Cellular and Molecular Bioengineering

, Volume 10, Issue 5, pp 357–370 | Cite as

Immunotheranostic Polymersomes Modularly Assembled from Tetrablock and Diblock Copolymers with Oxidation-Responsive Fluorescence

  • Fanfan Du
  • Yu-Gang Liu
  • Evan Alexander ScottEmail author



Intracellular delivery is a key step for many applications in medicine and for investigations into cellular function. This is particularly true for immunotherapy, which often requires controlled delivery of antigen and adjuvants to the cytoplasm of immune cells. Due to the complex responses generated by the stimulation of diverse immune cell populations, it is critical to monitor which cells are targeted during treatment. To address this issue, we have engineered an immunotheranostic polymersome delivery system that fluorescently marks immune cells following intracellular delivery.


Amine functionalized poly(ethylene glycol)-bl-poly(propylene sulfide) (PEG-PPS-NH2) was synthesized by anionic ring opening polymerization and bridged via perylene bisimide (PBI) to form a tetrablock copolymer (PEG-PPS-PBI-PPS-PEG). Block copolymers were assembled into polymersomes by thin film hydration in phosphate buffered saline and characterized by dynamic light scattering, cryogenic electron microscopy and fluorescence spectroscopy. Polymersomes were injected subcutaneously into the backs of mice, and draining lymph nodes were extracted for flow cytometric analysis of cellular uptake and disassembly.


Modular self-assembly of tetrablock/diblock copolymers in aqueous solutions induced ππ stacking of the PBI linker that both red-shifted and quenched the PBI fluorescence. Reactive oxygen species within the endosomes of phagocytic immune cell populations oxidized the PPS blocks, which disassembled the polymersomes for dequenching and shifting of the PBI fluorescence from 640 to 550 nm emission. Lymph node resident macrophages and dendritic cells were found to increase in 550 nm emission over the course of 3 days by flow cytometry.


Immunotheranostic polymersomes present a versatile platform to probe the contributions of specific cell populations during the elicitation of controlled immune responses. Flanking PBI with two oxidation-sensitive hydrophobic PPS blocks enhanced π stacking and introduced a mechanism for disrupting ππ interactions to shift PBI fluorescence in response to oxidative conditions. Shifts from red (640 nm) to green (550 nm) fluorescence occurred in the presence of physiologically relevant concentrations of reactive oxygen species and could be observed within phagocytic cells both in vitro and in vivo.


Polymersome Fluorescence Theranostics Perylene Macrophage Dendritic cell 



Antigen presenting cells


Cryogenic transmission electron microscopy


Dendritic cells


Dynamic light scattering


Fetal bovine serum


Gel permeation chromatography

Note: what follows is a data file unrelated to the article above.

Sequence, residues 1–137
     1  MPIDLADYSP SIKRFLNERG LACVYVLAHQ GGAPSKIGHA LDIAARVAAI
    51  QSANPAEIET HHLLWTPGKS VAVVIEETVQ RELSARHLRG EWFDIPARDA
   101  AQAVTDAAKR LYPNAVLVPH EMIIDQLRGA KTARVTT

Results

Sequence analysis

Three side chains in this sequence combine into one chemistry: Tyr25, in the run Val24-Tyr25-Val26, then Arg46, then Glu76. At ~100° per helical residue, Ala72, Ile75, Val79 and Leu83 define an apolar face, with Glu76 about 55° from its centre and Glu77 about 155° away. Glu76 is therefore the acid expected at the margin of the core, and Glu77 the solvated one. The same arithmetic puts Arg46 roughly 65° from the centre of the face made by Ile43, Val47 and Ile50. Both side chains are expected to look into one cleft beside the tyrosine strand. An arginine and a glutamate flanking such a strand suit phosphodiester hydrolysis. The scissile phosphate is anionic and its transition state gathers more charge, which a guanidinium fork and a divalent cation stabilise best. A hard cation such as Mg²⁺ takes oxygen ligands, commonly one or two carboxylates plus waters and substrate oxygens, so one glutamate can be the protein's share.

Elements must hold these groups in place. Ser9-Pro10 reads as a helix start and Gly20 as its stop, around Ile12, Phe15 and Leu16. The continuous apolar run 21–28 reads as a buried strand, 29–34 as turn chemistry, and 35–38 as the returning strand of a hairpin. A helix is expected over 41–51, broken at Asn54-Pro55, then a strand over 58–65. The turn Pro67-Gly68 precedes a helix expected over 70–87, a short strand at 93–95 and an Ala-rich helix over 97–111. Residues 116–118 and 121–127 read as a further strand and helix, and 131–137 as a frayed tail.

Major histocompatibility complex I


Molecular weight


Natural killer


Perylene bisimides


Perylene-3,4,9,10-tetracarboxylic dianhydride


Phosphate-buffered saline


Polydispersity index


Poly(ethylene glycol)-bl-poly(propylene sulfide)


Polymer-bound isothiocyanate


Reactive oxygen species




Toll like receptors



We would like to thank J. Remis for CryoTEM assistance and the following facilities at Northwestern University: Robert H. Lurie Comprehensive Cancer Center Flow Cytometry Core; Center for Advanced Molecular Imaging; Biological imaging facility; Mouse Histology and Phenotyping Laboratory; and the Keck Interdisciplinary Surface Science Facility. This work was supported by the National Institutes of Health Director’s New Innovator Award (grant no. 1DP2HL132390-01), the Louis A. Simpson & Kimberly K. Querrey Center for Regenerative Nanomedicine Regenerative Nanomedicine Catalyst Award.

Conflict of Interest

Fanfan Du, Yu-Gang Liu, and Evan A. Scott declare that they have no conflicts of interest.

Ethical Standards

No human studies were carried out by the authors for this article. All institutional and national guidelines for the care and use of laboratory animals were followed and approved by the Northwestern University Institutional Animal Care and Use Committee.

Supplementary material

12195_2017_486_MOESM1_ESM.docx (473 kb)
Supplementary material 1 (DOCX 473 kb)


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Copyright information

© Biomedical Engineering Society 2017

Authors and Affiliations

  • Fanfan Du
    • 1
    • 4
  • Yu-Gang Liu
    • 1
  • Evan Alexander Scott
    • 1
    • 2
    • 3
    • 4
    • 5
    Email author
  1. 1.Department of Biomedical EngineeringNorthwestern UniversityEvanstonUSA
  2. 2.Chemistry of Life Processes InstituteNorthwestern UniversityEvanstonUSA
  3. 3.Interdisciplinary Biological Sciences ProgramNorthwestern UniversityEvanstonUSA
  4. 4.Simpson Querrey InstituteNorthwestern University Feinberg School of MedicineChicagoUSA
  5. 5.Robert H. Lurie Comprehensive Cancer CenterNorthwestern University Feinberg School of MedicineChicagoUSA

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